In the world of scientific innovations, machine data is digital information created by the activities of computers, mobile phones, embedded systems and other networked devices. Today, machine data is frequently associated with Internet of Things and big data management technologies. The typical examples of machine data are application, server and business process logs, call detail records and sensor data.
How the companies can obtain insights on business activities and operations via machine data?
Many large industrial manufacturers are already analyzing machine data on the performance of field equipment in near-real-time, together with historical performance data, to better understand service problems and to try to predict equipment maintenance issues before machines break down. Other typical examples of applications include setups for monitoring oil and gas pipelines, natural disaster warning systems based on feeds from marine sensors, forecasting systems that take data from satellites and weather stations to help predict weather in small geographic areas, etc.
Manufacturers take active measures to finding new ways to grow, excel at product quality while still being able to take on short lead-time production runs from customers. Considering that new products are proliferating in manufacturing today and delivery windows are tightening, companies take advantage of machine learning to improve the end-to-end performance of their operations and find a performance-based solution to the ever-emerging challenges.
6 ways machine learning is revolutionizing manufacturing:
Boosting of asset management, supply chain management, and inventory management. By combining emerging technologies including IoT, AI, and machine learning, manufacturers can improve asset tracking accuracy, supply chain visibility, and inventory optimization.
Improved predictive maintenance is expected to increase 38% in the years to come. Analytics and MI-driven process and quality optimization are predicted to grow 35% and process visualization and automation, 34%.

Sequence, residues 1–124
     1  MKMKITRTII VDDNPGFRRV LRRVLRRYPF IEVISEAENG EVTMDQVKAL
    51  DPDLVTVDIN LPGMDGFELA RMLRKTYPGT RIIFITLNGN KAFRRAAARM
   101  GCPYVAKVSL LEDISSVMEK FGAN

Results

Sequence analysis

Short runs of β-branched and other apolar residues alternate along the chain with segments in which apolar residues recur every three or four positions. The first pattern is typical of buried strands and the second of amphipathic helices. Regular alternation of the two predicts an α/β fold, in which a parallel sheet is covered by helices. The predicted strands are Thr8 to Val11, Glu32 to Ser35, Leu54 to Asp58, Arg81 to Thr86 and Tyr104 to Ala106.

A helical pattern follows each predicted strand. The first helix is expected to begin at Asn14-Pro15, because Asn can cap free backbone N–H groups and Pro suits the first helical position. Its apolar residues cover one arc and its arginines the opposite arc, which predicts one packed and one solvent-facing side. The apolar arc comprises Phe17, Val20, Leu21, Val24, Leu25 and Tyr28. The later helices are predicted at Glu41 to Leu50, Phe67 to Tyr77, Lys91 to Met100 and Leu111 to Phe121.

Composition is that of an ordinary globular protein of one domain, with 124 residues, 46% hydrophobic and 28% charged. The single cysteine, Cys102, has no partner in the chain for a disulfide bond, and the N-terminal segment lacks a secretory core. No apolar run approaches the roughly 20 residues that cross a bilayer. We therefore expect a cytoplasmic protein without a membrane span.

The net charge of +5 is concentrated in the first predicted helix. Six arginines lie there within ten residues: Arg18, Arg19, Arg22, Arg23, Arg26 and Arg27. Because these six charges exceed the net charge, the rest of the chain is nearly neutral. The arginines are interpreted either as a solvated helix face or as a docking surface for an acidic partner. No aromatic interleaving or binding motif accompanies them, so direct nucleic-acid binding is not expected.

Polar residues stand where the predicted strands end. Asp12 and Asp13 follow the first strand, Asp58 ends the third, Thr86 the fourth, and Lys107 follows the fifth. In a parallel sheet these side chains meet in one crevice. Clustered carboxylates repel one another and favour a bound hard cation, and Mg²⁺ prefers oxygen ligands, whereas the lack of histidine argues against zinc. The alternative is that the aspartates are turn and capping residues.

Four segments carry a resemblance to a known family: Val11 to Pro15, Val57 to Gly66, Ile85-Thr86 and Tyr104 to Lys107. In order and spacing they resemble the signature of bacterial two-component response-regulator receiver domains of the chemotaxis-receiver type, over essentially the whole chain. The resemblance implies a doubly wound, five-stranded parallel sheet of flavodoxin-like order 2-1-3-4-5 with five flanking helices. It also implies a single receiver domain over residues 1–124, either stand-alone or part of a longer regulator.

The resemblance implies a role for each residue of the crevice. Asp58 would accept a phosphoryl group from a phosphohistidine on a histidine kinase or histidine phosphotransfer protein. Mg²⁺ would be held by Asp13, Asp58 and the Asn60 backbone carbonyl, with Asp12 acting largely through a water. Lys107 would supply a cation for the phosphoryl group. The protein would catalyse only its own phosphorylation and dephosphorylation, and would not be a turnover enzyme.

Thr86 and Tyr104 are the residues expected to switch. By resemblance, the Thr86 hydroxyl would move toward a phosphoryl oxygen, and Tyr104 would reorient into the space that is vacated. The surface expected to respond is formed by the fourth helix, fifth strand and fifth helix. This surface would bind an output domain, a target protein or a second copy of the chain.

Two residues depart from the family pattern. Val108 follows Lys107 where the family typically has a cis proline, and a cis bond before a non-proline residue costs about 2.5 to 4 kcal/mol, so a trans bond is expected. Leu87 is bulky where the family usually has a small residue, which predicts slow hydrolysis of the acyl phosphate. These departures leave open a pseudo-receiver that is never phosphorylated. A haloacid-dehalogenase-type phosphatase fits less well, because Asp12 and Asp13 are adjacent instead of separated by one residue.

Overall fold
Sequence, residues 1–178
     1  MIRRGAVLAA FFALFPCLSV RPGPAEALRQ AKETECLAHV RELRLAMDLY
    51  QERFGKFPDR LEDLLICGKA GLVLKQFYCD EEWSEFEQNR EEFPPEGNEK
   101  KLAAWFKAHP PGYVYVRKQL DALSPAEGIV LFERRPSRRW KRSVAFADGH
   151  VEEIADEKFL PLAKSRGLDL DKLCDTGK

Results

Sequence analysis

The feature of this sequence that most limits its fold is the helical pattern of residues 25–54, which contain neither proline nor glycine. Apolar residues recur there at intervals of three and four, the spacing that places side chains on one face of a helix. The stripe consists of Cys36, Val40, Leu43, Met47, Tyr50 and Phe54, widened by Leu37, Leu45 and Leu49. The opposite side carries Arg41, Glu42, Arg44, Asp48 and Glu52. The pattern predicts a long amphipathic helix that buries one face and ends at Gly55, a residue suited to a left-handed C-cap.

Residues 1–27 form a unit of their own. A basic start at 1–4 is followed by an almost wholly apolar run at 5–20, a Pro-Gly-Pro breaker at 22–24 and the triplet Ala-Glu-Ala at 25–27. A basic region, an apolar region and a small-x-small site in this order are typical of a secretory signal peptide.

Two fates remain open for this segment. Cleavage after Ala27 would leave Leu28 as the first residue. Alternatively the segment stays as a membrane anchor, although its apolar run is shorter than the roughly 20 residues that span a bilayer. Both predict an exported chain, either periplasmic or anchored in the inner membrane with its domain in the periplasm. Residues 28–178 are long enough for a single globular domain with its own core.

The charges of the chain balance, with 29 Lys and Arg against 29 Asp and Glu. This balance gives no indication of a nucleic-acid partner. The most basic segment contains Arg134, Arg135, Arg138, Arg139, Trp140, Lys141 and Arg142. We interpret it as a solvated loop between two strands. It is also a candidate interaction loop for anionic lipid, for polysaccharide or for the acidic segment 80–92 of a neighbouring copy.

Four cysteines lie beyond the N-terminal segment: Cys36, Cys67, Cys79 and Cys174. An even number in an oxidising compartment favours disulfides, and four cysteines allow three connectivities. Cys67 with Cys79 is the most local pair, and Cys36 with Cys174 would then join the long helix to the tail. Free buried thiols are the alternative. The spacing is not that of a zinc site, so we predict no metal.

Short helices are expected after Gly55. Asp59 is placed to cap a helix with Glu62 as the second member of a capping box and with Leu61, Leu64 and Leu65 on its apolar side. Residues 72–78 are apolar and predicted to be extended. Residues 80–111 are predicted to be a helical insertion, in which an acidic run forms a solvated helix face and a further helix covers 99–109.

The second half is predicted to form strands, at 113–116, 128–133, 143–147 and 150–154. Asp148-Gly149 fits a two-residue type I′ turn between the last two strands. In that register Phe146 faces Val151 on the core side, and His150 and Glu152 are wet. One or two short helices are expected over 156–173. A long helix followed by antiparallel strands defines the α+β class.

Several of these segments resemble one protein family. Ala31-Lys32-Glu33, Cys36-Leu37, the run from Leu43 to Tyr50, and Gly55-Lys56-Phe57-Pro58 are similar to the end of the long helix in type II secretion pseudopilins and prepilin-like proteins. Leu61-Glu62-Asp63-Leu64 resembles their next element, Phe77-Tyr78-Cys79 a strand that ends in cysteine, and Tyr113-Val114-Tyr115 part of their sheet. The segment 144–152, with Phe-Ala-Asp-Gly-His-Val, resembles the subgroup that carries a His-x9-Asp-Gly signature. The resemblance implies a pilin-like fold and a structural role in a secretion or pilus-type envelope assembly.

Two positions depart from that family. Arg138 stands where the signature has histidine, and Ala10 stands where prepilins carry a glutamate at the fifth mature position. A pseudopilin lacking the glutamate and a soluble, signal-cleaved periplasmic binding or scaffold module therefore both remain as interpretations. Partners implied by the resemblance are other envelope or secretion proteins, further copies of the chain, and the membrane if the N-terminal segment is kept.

Reduction of supply chain forecasting errors by 50% and reduction of lost sales by 65% with better product availability. Machine learning is predicted to reduce costs related to transport and warehousing and supply chain administration by 5 to 10% and 25 to 40%, respectively.
Improving of demand forecast accuracy to reduce energy costs and negative price variances that results in price elasticity and price sensitivity. Companies are integrating AI and machine-learning algorithms into procurement, strategic sourcing and cost management.
Optimization of shop floor operations and providing of insights into machine-level loads and production schedule performance. As a result, a business gets better decisions managing of each production run.
Improvement of the accuracy of detecting costs of performance degradation across multiple manufacturing scenarios and costs reduction by 50%. Using real-time monitoring technologies to create accurate data sets that capture pricing, inventory velocity gives machine learning apps what they need to determine cost behaviors across multiple manufacturing scenarios.
For example, when using machine learning, a manufacturer succeeds in test and calibration time reduction via accurate prediction of calibration and test results. The methodology focuses on using a series of machine learning models that would predict test outcomes over time. The process workflow below helps isolate the bottlenecks, streamlining test and calibration time in the process.
Overall, machine learning opens up numerous possibilities in the manufacturing industry as the technology helps assembly plants build a connected series of IoT devices that work in harmony to enhance work processes. From quality control to asset management, supply chain solutions and lower spending - there are so many manners which machine data is changing the future of manufacturing. Data-driven manufacturing implies that decisions controlling the manufacturing process should be based on facts, and not assumptions. Emerging technology is enabling both people and equipment to collect and process the facts they need to achieve better results.
It’s true that many manufacturers today still feel the gap between what goes on in their factories and the core business processes supported by their ERP systems. It creates significant lag times for management to access, analyze and act on data from the manufacturing and development processes. Not having this data in real time could create problems when it comes to planning, inventory control, the supply chain or meeting customer expectations. The good news is that the newer equipment is now increasingly internet-enabled, and some older machines can be adapted for connectivity. The majority of big team players of the sector work hard to standardize platforms for machine-to machine communication. The leading businesses do their best to take advantage of this new connectivity to incorporate the machine data into relevant workflows.
Applying advanced analytics to manufacturers’ data can produce insights to optimize the productivity of individual assets as well as the total manufacturing operation. Deployed in conjunction with each other, these tools enable operators to maximize their overall efficiency and profitability.